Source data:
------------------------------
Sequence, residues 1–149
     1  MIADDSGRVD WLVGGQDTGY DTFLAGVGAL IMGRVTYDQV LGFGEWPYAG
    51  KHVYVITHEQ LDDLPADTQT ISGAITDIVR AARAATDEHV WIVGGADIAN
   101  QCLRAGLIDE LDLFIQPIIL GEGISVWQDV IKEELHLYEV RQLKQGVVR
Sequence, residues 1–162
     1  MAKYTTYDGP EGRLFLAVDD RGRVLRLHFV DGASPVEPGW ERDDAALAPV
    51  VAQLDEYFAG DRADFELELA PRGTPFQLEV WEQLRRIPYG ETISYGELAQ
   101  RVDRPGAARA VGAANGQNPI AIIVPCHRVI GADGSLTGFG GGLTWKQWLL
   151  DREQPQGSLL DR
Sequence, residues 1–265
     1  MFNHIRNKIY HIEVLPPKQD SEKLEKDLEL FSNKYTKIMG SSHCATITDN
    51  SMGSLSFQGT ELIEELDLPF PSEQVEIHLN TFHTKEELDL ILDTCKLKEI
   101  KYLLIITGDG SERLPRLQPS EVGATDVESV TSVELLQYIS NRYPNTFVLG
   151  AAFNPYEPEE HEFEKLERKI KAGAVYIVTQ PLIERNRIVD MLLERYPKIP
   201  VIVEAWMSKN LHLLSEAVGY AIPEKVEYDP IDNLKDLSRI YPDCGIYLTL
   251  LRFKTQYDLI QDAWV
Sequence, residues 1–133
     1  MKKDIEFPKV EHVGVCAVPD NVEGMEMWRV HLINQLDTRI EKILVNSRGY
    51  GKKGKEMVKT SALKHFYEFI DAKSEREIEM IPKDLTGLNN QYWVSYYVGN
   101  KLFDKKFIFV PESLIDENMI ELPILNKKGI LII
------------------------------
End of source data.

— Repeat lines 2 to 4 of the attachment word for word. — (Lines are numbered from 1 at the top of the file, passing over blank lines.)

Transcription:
     1  MIADDSGRVD WLVGGQDTGY DTFLAGVGAL IMGRVTYDQV LGFGEWPYAG
    51  KHVYVITHEQ LDDLPADTQT ISGAITDIVR AARAATDEHV WIVGGADIAN
   101  QCLRAGLIDE LDLFIQPIIL GEGISVWQDV IKEELHLYEV RQLKQGVVR